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The Czechs return to Europe

Rechten: Alle rechten voorbehouden

The Czechs return to Europe

Rechten: Alle rechten voorbehouden

Samenvatting

The objective of this dissertation is to investigate how Czech historical events during the twentieth century influenced Czech society and politics in relation to Europe.
During the twentieth century, the Czech Republic experienced highlights and downfalls. The founding fathers, Masaryk, Beneš, and Štefánik, established the first democratic Czechoslovak Republic in 1918. The first Czechoslovak Republic is considered as one of the most successful transformations from an occupied nation into a well-functioning democracy. The euphoric stability was brutally interrupted by the Munich Agreement in which France and Britain agreed together with Hitler's Nazi Germany that a part of Czechoslovakia would be given to the Third Reich.
In March 1939, Hitler broke the Munich Agreement and the first Czechoslovak Republic (1920 - 1938) was completely dissolved. In the period 1939 - 1945, a Czech government in exile was formed. They fought for the liberation of the Czech lands, but the war for liberation was finally won by the Russian Red Army.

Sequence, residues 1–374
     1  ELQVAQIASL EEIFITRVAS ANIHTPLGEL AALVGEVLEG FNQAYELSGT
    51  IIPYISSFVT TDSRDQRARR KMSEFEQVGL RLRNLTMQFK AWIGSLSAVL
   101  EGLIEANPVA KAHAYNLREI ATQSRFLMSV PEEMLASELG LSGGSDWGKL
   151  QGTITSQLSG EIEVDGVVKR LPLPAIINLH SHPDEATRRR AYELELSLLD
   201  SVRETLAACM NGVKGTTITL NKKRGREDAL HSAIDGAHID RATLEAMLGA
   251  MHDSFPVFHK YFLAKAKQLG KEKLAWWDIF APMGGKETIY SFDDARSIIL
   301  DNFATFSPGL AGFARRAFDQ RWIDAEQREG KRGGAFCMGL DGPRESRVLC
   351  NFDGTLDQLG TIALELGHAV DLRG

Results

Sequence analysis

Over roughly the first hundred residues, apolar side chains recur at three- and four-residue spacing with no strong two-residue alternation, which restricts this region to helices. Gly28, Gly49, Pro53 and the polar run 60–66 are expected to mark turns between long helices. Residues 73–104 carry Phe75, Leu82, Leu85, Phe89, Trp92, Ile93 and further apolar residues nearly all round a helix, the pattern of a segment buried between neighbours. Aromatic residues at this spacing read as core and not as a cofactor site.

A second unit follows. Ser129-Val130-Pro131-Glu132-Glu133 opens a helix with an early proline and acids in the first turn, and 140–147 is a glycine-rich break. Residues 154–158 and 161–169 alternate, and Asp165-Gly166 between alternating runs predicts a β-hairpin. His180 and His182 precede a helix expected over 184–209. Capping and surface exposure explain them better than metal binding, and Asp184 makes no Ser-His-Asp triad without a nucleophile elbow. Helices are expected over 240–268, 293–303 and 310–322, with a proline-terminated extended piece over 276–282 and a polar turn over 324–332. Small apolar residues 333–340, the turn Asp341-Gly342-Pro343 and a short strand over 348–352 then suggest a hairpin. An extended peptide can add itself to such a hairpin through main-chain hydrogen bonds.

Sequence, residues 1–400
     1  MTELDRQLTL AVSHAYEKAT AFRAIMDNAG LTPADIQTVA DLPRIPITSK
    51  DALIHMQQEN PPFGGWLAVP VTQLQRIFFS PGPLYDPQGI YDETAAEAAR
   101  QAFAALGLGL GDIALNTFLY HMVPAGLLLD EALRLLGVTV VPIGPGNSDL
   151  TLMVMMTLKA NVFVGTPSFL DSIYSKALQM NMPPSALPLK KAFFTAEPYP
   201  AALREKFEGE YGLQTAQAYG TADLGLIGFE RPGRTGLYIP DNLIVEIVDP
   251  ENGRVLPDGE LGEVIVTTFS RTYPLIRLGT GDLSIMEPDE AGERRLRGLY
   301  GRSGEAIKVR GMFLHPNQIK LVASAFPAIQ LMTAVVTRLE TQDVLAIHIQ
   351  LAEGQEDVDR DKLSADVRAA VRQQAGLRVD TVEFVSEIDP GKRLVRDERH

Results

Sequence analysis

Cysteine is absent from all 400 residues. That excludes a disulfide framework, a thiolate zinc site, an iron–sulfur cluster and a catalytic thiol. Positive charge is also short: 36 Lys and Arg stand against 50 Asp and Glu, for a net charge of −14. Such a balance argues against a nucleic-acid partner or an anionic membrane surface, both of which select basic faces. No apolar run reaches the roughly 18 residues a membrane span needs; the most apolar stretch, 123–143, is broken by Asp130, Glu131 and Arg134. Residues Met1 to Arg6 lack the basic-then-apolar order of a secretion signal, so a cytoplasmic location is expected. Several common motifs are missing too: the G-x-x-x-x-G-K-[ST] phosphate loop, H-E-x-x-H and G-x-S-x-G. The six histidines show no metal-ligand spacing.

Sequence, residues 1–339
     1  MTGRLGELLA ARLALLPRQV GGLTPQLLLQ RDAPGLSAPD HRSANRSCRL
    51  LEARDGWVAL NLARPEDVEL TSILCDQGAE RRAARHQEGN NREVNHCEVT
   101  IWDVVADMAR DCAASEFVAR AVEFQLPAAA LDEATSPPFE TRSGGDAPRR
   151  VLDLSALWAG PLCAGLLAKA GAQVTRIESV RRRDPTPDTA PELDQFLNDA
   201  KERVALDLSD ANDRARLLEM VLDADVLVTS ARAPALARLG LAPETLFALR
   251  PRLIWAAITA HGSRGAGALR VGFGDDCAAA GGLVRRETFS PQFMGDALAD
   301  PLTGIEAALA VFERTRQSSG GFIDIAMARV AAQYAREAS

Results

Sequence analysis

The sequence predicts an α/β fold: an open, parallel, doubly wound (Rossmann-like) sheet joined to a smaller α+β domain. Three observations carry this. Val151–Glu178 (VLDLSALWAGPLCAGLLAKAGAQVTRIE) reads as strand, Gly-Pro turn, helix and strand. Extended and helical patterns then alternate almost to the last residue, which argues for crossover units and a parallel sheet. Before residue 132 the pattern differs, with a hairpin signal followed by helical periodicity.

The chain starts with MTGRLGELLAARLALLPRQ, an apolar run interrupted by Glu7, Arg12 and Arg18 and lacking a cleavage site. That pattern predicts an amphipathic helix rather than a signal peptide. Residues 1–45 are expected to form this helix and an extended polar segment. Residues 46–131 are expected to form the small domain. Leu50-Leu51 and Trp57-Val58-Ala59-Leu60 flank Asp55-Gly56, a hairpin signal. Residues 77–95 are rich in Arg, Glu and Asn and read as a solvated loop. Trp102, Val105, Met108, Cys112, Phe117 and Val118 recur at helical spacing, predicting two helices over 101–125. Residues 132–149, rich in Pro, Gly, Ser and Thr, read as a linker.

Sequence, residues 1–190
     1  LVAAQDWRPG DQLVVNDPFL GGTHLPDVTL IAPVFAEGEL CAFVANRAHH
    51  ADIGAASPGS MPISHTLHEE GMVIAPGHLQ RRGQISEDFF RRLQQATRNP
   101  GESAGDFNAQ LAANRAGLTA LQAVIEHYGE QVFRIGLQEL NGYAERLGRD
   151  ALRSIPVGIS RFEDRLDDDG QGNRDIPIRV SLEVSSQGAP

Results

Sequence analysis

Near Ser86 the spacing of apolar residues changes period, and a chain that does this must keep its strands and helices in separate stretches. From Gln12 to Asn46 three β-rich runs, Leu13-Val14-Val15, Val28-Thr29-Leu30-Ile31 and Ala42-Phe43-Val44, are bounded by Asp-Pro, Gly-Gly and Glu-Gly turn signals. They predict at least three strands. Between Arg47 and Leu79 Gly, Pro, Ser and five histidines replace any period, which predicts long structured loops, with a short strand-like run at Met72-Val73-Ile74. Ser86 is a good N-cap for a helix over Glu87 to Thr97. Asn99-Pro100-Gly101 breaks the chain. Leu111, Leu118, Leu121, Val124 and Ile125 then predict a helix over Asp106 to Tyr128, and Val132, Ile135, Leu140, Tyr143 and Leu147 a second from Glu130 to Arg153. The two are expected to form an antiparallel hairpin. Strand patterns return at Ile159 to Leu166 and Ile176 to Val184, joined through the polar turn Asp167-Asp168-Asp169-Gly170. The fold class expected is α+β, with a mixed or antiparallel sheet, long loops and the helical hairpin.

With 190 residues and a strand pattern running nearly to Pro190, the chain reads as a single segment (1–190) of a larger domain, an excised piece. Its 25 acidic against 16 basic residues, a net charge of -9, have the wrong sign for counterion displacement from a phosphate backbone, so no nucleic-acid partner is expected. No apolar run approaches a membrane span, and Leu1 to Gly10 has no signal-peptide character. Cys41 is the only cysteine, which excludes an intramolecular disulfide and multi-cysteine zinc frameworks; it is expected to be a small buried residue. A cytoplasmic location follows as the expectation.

The aftermath of World War II was a chaotic period in which Communist influences were dominant. Even though the public opinion of 1948 showed that the communist party would not receive a majority of votes if elections were held, the party sought illegal ways to
gain power.
In January 1968, Alexander Dubcek became president of the Czechoslovak people's democracy. He implemented reforms that gave Communism a human face. The Soviet Union leaders disliked these reforms and arrested Dubcek which caused a lot of protests and
culminated in the landmark suicide of Jan Palach. During this period, dissident movements, such as Charta 77were established.
In 1989, the Soviet bloc fell. In Czechoslovakia, the transition occurred without violence and was therefore named the Velvet Revolution. Three years later, the Czechoslovak Republic was peacefully split into two separate independent states.
After becoming an independent state, the Czech Republic applied to become part of the European Union. Most of the Czechs were pro-Europe although there was also a subculture of Euro-scepticism. Regardless of their frequently-voiced scepticism, the general public of the Czech Republic voted 'yes' to the binding referendum on EU Membership, and the Czech Republic finally became Member of the EU on May 1, 2004. In 2009, the Czech Republic was granted the EU Presidency.

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OrganisatieDe Haagse Hogeschool
AfdelingESC Europese Studies / European Studies
Jaar2011
TypeBachelor
TaalEngels

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